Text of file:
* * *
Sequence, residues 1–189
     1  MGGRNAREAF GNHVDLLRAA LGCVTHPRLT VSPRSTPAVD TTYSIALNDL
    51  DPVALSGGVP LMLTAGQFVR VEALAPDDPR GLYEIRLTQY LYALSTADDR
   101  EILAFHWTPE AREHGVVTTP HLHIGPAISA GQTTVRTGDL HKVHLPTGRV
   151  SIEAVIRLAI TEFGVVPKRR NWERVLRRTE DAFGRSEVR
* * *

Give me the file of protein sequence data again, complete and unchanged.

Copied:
Sequence, residues 1–189
     1  MGGRNAREAF GNHVDLLRAA LGCVTHPRLT VSPRSTPAVD TTYSIALNDL
    51  DPVALSGGVP LMLTAGQFVR VEALAPDDPR GLYEIRLTQY LYALSTADDR
   101  EILAFHWTPE AREHGVVTTP HLHIGPAISA GQTTVRTGDL HKVHLPTGRV
   151  SIEAVIRLAI TEFGVVPKRR NWERVLRRTE DAFGRSEVR